I recently had a “friend” with a camera who shoots in always-auto mode go out and purchase some lights on ebay, set them up in their garage and announced to the Facebook world they were starting a photography business. It lasted two weeks before they gave up and went back to their day jobs of being doctors and engineers. These are the people I consider fauxtographers. These people that claim to be in business and then fold up in a couple of weeks. Who never charged what photography is worth but pass themselves off as being professionals. I know my way isn’t helping but I am working in a time for prints scenario 99% of the time and the donations are only “tips” the people are giving me.

    Maybe, this does make me a fauxtographer, but I am doing my best to try and let everyone know that I am only a student trying to create images that are pro quality, before I call myself a pro.

  4. Todd

    I disagree to a point. My idea of a fauxtographer is someone who not only posts a bunch of crappy images and is sans business license but, they usually show up to an event with their consumer grade camera (I acknowledge in the right hands gear doesn’t matter) in AUTO mode or GREEN mode and just fires away without any regard to composition or creativity. They don’t own a flash of any sort except for what came built into the camera and if they do, the only use it pointing straight forward and again, on auto. Now, to be fair, I’ve seen a pro exhibit similar behavior, the difference is when you see his final images, you realize he/she, knew what the heck he was doing.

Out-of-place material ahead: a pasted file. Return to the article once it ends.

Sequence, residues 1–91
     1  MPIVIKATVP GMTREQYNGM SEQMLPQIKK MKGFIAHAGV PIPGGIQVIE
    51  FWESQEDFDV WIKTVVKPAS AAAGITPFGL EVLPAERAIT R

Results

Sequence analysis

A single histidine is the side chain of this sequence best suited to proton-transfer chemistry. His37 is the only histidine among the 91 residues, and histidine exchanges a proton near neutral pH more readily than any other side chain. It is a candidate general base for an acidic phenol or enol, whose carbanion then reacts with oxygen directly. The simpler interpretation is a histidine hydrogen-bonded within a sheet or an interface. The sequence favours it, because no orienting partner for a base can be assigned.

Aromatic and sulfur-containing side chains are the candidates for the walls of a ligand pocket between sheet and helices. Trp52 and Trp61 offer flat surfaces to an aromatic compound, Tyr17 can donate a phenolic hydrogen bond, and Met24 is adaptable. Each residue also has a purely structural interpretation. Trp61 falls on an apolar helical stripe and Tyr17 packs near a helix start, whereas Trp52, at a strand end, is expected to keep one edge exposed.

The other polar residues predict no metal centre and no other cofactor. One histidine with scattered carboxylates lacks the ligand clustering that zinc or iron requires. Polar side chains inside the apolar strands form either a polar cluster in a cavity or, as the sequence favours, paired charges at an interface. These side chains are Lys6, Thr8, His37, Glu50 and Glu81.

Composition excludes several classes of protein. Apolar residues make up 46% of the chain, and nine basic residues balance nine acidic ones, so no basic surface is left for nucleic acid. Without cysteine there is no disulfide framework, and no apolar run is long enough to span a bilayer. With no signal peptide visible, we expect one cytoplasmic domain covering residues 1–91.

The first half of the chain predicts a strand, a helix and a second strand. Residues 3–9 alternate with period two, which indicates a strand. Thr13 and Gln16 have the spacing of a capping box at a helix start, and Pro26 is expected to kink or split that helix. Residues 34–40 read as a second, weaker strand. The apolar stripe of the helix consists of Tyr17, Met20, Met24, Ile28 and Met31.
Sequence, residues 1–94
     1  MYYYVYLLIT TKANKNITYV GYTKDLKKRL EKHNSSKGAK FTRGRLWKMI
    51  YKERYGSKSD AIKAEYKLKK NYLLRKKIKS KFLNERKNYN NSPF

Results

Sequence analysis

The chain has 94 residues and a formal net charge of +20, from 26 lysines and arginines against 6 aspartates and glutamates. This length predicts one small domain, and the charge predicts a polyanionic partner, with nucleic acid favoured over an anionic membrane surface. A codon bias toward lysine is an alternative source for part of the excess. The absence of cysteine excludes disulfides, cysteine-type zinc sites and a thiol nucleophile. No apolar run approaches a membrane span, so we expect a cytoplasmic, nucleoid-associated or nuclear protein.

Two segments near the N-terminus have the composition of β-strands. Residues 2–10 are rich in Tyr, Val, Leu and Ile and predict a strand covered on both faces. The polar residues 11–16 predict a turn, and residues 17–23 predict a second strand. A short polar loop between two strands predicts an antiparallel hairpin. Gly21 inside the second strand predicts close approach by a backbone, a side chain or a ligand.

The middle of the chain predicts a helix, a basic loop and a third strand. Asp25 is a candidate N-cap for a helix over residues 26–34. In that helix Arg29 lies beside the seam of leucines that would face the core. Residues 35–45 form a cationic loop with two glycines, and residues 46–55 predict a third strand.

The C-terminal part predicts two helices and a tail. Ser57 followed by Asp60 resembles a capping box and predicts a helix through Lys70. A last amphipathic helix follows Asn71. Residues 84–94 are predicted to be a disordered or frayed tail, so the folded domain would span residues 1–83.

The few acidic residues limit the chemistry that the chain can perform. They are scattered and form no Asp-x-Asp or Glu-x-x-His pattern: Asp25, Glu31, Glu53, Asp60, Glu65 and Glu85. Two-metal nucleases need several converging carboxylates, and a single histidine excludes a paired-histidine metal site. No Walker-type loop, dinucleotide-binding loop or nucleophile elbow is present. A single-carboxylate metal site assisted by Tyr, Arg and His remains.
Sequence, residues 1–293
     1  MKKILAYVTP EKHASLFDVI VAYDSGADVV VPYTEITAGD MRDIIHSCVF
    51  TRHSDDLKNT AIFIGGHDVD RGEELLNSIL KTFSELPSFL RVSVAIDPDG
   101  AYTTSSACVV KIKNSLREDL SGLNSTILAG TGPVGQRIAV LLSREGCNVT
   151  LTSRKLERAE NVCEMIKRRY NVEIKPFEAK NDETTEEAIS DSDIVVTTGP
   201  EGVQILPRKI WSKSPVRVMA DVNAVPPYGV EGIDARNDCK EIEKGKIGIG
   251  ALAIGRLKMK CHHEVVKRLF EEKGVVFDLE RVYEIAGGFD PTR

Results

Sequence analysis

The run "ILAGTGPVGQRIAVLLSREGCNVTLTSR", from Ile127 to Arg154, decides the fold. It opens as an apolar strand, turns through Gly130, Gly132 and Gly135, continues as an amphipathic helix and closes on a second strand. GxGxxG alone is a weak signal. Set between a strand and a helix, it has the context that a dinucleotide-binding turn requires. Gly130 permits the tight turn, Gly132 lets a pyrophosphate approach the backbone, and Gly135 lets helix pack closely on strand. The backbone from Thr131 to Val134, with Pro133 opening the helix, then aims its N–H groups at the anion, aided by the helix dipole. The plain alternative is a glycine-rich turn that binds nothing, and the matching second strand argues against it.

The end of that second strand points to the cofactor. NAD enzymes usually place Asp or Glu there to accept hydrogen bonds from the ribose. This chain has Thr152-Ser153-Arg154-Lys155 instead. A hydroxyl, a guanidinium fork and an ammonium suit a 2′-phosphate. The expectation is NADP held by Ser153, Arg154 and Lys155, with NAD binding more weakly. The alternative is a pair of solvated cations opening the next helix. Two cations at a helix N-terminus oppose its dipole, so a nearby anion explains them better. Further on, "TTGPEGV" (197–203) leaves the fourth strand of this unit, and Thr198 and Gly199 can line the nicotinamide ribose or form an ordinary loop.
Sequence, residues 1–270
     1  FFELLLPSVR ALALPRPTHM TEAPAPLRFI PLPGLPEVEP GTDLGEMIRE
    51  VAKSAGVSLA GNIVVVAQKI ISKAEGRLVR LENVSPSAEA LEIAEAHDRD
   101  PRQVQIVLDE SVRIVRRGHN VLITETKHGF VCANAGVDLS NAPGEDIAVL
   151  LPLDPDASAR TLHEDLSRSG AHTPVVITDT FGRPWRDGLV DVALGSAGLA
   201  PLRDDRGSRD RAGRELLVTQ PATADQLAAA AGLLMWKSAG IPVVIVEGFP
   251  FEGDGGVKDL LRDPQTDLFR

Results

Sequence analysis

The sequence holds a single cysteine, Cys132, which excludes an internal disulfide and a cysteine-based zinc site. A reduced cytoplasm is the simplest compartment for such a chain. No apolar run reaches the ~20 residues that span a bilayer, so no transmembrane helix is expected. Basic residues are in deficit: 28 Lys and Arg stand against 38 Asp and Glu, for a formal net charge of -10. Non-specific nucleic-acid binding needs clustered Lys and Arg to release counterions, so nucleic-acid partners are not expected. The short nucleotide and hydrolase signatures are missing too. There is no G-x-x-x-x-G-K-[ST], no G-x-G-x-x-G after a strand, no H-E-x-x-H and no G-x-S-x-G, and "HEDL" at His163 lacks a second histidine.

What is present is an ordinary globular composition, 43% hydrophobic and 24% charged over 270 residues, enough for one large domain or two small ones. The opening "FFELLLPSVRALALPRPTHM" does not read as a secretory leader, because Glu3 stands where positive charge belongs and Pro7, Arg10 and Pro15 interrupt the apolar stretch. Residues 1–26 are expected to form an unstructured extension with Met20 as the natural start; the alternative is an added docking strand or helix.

Ok, to be totally fair, we have a lot of new photographer wanna be’s that are just starting out. Some will keep up with it and engage in all the learning they can and practice what they have learned. They will post crappy pics at first with progress being shown in their work as they get increasingly better. Are these people fauxtographers? I say no. They’re just newbies. Hell, I’m a newbie but I do have a business license and I do my best to get a great image and I get paid from time to time. And if we look at a pure definition of what PRO means, in most cases, it means someone is getting paid to do what ever it is they do whether it be photography, music, accounting etc. Go easy on some of us.

    But, to the crowd who buys a decent rig, and pretty much does point and shoot and claims to be a photographer, and usually works for free (which really equals fauxtographer) to you, I’ll tell you, you are taking money out of the pockets of working professionals, you are driving down the expectation of what it means to use a real pro. Your crappy images teach the public that’s what you get from a pro so why should they pay “that much” if anything. Please, if you’re going to offer to shoot your friends wedding and give them substandard pics and not charge them, do NOT call yourself a pro. At least until you have some seriously outstanding chops and are charging a decent rate. Let’s elevate the profession, not bring it down.

    Thanks for reading.